• Michael Martin

A Confederacy of Pious Bores


all day, every day

I once heard a story (which I have not been able to verify) that Martin Luther, because he was understood to have made the reading and interpretation of scripture everyone’s right (whether that was his intention or not), told someone, “I have turned every barmaid in Germany into a scripture scholar.” It was not meant as a compliment. And he wasn’t even on Facebook.


About a hundred years after Luther, the English playwright Ben Jonson essentially made his living by lampooning the pretensions and performative piety of English Puritans in his plays (Shakespeare did the same in Twelfth Night with his persecution of the Puritan prude, Malvolio). They were an easy target. The Elect always are. Especially when they constantly remind everyone how elect they are.


Were he alive now, Jonson would by no means be limited to Puritan fodder for his comedy: not a few Eastern Orthodox and, especially, more than a couple Catholics have unintentionally been providing rich comedic material for a good long while, now that everyone who goes to church has a blog and access to a dropdown menu allowing a signature on a filial correction (Dude! What the heck?). I wouldn’t complain if I saw much in the way of positivity or building-up among these zealots, but what I see is a lot of tearing-down and cruelty. As Flannery O’Connor’s character The Misfit would say, “No pleasure but meanness.” Or so it would seem.


The invention of the printing press surely brought plenty of benefits, but it also brought the potential for propaganda (Luther being foremost among its pioneers and masters) and the opportunity for incredible acts of malevolence, not to mention mass hysteria. Likewise, the internet and social media carry along with their benefits an incredible capacity for meanness, cliquishness, and sanctimonious self-fashioning. We have become a confederacy of pious bores.


Prior to the printing press (or at least prior to widespread literacy) Western culture was not so much characterized by evangelical zeal and holy self-fashioning as it was by conviviality and community. Of course, waves of “reform” by elites interested in whipping the unwashed masses into shape (that is, the shape of the elites) occasionally arose, but the primary characteristic of culture was one of plurality (I realize I am not entertaining the cultural anti-Semitism that was rampant—perhaps another time I will get into it).


Robert Herrick’s gigantic volume of poetry, Hesperides, is rather a handbook for the kind of plurality I’m thinking of. Herrick, an Anglican priest and pastor in 17th century Devonshire, catalogues his community in all of its glory, in all of its conviviality, in all of its absurdity. Among others, he includes poems about the lares (spirits of the departed), folk customs such as the maypole and Wassailing, and ridicule of some of his boorish parishioners. This is a Christianity that is rustic, local, and not afraid to show its warts. It is also gloriously embedded in the land and the land’s relationship to the Church year. The world Herrick depicts is not one marked by performances of piety but of the dynamics of communal flourishing (John Bossy’s classic text, Christianity in the West, 1400 – 1700 does a wonderful job of examining how this worked). Herrick’s archenemies, the Puritan establishment, kicked him out of his parish when they came to power. He returned right after Oliver Cromwell’s already-buried body was exhumed, quartered, and its parts sent to the four corners of England when the Parliamentarians fell from grace. Cromwell had outlawed fun on Sundays and Christmas celebrations, so he probably deserved it.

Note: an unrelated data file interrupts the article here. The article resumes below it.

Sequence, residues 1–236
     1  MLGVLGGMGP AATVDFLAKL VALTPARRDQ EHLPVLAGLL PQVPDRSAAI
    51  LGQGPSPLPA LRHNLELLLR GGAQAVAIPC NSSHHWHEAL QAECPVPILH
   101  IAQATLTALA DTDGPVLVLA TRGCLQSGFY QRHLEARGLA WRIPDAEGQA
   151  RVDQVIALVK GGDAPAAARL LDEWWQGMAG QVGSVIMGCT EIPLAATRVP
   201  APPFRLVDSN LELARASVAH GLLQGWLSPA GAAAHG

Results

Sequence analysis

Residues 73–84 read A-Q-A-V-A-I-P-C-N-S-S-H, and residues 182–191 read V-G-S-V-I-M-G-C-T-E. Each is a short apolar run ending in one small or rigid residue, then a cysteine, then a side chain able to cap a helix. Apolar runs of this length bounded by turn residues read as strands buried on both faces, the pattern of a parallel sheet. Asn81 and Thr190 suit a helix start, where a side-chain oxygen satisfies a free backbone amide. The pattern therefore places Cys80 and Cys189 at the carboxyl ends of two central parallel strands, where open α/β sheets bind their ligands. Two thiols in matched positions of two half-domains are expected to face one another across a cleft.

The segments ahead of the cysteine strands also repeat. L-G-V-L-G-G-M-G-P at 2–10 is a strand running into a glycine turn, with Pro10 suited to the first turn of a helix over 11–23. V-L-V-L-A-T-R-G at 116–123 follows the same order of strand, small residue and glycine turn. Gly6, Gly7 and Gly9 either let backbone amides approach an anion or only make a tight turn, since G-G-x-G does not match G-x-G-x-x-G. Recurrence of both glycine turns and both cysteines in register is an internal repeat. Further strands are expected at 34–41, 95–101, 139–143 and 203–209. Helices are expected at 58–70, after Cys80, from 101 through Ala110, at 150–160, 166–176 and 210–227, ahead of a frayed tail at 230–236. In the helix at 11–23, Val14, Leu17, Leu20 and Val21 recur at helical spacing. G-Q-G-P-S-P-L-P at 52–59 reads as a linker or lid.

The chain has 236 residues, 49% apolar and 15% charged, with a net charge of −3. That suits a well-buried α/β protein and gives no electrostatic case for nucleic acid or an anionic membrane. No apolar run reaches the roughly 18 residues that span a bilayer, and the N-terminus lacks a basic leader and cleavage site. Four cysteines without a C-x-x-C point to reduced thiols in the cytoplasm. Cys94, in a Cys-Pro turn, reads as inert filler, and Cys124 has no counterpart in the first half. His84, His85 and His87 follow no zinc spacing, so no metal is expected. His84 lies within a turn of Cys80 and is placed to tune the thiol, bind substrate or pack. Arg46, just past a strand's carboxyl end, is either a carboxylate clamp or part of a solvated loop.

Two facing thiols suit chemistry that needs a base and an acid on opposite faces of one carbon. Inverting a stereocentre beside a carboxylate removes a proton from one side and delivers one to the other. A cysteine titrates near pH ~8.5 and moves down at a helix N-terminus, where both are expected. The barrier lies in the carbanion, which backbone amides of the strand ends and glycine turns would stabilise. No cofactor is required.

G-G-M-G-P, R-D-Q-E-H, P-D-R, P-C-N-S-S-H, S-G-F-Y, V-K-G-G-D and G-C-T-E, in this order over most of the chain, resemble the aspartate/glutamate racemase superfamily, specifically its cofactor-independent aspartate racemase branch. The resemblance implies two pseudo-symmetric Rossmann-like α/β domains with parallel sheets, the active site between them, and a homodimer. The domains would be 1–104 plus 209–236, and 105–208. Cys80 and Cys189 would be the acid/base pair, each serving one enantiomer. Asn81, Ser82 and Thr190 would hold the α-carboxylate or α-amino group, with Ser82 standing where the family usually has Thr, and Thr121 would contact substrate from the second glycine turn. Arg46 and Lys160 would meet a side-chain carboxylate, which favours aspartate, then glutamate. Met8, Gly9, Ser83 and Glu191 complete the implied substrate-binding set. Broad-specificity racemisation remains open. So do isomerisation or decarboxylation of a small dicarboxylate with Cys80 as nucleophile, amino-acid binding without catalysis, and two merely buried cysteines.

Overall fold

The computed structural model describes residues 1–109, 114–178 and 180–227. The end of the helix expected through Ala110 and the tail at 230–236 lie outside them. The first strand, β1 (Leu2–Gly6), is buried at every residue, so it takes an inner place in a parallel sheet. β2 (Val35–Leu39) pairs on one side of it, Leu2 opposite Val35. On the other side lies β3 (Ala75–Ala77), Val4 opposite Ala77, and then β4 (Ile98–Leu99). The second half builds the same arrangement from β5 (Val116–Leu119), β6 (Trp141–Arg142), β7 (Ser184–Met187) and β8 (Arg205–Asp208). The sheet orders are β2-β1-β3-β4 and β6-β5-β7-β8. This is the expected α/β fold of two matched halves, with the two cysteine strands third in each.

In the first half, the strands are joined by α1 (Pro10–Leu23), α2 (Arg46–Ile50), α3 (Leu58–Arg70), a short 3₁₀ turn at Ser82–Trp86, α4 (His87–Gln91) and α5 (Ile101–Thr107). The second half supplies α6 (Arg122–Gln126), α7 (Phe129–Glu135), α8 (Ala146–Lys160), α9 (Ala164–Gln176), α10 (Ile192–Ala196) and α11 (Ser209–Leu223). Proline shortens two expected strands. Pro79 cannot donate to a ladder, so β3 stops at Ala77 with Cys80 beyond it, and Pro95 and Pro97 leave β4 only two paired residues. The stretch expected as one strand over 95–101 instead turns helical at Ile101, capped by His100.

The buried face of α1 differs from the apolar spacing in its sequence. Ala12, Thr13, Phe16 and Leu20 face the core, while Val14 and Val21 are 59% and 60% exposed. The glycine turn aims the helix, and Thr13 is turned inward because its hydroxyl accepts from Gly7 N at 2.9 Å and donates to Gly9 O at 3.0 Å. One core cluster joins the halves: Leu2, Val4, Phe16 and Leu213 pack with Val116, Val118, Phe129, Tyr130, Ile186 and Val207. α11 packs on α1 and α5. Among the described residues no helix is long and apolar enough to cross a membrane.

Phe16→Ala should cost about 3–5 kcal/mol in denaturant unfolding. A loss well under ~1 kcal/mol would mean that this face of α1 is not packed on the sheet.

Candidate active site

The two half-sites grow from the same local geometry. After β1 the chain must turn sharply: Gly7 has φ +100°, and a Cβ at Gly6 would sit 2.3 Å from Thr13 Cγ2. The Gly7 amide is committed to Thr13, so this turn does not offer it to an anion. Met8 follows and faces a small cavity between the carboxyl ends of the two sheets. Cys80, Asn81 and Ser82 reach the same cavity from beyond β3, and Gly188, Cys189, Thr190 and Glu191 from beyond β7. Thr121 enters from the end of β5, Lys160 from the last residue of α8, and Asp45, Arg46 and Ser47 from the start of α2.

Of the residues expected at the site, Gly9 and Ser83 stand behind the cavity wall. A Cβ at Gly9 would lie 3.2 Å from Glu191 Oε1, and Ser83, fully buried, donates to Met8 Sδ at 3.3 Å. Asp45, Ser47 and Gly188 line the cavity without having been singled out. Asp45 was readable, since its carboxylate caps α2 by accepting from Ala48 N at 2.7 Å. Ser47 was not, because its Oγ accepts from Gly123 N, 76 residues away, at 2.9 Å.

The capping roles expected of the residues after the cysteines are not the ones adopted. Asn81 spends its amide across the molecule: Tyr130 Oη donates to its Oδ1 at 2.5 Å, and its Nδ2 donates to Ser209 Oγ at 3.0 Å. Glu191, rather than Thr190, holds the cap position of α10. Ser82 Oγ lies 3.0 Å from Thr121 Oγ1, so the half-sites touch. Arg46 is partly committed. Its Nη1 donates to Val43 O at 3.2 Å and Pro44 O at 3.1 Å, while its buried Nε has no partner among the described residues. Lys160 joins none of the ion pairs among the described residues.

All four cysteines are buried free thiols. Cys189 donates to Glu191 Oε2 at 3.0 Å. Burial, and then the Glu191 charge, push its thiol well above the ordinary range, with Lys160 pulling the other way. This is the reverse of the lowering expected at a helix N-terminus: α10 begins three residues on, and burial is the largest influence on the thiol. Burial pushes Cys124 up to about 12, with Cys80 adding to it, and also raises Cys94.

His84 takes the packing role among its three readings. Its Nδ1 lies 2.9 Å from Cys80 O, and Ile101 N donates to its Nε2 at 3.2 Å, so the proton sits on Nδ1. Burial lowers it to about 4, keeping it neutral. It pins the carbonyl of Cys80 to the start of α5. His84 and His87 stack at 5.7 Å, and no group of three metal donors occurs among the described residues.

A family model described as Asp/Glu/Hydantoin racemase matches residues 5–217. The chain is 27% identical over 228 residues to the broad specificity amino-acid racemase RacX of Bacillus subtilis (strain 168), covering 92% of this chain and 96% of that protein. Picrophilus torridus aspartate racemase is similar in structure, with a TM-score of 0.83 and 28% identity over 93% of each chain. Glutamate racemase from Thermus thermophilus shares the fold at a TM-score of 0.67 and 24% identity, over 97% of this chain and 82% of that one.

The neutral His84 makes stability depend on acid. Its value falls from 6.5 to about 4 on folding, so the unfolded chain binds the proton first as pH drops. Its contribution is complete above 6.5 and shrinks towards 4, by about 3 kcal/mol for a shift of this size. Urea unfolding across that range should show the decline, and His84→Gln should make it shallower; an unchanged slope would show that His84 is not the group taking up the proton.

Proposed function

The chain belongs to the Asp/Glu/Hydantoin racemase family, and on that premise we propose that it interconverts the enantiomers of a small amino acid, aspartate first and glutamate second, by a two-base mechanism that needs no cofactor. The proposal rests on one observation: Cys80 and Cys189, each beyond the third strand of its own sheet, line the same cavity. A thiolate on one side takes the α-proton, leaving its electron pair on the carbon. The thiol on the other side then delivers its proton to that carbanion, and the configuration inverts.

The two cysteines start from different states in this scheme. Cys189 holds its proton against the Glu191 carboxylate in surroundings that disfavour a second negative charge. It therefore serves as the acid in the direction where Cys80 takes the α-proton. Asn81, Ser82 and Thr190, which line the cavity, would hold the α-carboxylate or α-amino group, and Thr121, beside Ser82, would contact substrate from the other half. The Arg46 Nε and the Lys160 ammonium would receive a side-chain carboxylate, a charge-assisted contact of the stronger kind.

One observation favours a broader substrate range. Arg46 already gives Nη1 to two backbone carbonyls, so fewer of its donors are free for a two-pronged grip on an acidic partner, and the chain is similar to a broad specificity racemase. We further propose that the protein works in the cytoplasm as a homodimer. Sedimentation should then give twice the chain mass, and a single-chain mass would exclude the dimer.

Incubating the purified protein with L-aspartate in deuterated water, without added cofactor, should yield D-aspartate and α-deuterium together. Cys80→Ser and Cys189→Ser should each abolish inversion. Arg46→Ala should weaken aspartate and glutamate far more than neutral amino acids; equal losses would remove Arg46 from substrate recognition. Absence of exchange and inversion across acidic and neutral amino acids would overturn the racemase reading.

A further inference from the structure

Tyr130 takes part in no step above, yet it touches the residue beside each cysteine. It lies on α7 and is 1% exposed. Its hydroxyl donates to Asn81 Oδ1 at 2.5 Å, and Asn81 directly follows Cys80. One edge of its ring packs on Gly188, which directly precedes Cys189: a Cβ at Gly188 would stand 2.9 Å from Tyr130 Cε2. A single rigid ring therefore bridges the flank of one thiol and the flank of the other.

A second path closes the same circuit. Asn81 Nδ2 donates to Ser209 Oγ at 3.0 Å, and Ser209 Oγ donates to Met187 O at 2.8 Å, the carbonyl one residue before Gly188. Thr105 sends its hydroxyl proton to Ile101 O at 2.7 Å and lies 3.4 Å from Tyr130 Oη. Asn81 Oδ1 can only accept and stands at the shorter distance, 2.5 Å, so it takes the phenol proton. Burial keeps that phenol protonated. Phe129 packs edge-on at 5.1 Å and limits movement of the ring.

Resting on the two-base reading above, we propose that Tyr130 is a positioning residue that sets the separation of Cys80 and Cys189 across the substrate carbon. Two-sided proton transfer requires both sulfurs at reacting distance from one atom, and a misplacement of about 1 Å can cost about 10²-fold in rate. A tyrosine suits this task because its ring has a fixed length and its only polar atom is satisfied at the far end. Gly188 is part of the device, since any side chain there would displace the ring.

The internet and its unruly stepchild social media are rife with religious Puritans. Only now, they come in a variety of colors and fabrics: traditionalist, ultratraditionalist, social justice, socialist, free-market, neo-liberal, anti-neoliberal, anti-anti-neoliberal, and so forth. You will know them by their meanness.


Luther’s barmaid and those like her were “empowered” (what an impoverished word!) by the free interpretation of scripture. As a result, they inflicted their pieties on others, some of whom agreed (those already prepared to agree), while alienating the rest. The internet and social media have done much the same to our age, but exponentially.


Not everyone needs to engage in what can probably best be described as “asshole Christianity,” of course. In early modern England, for example, The Philadelphian Society

tried to spread a message of love and brotherhood. They were hardly the only ones. In our own time, I’m sure we can find those of like mind. Only they tend to get drowned out by the loudmouths and bullies.


We probably went wrong when we reduced Christianity to this or that set of propositions which need to be explained and then defended, certainly an inheritance of the espionage and counter-espionage characteristic of the Reformation and the Counter Reformation. Not everyone needs to be a theologian. Theologians are just another walk of life, and not always a happy lot at that. And, contrary to what the guys and dolls over at EWTN and their Eastern Orthodox and Protestant counterparts would have us believe, not everyone needs to be an apologist, either. The New Evangelization, which sought to create a “Catholic culture” has failed, and miserably. The Catechism does not a culture make. If anything, what the New Evangelization has done is create a culture of pious bores, left or right, but empowered as all get out.




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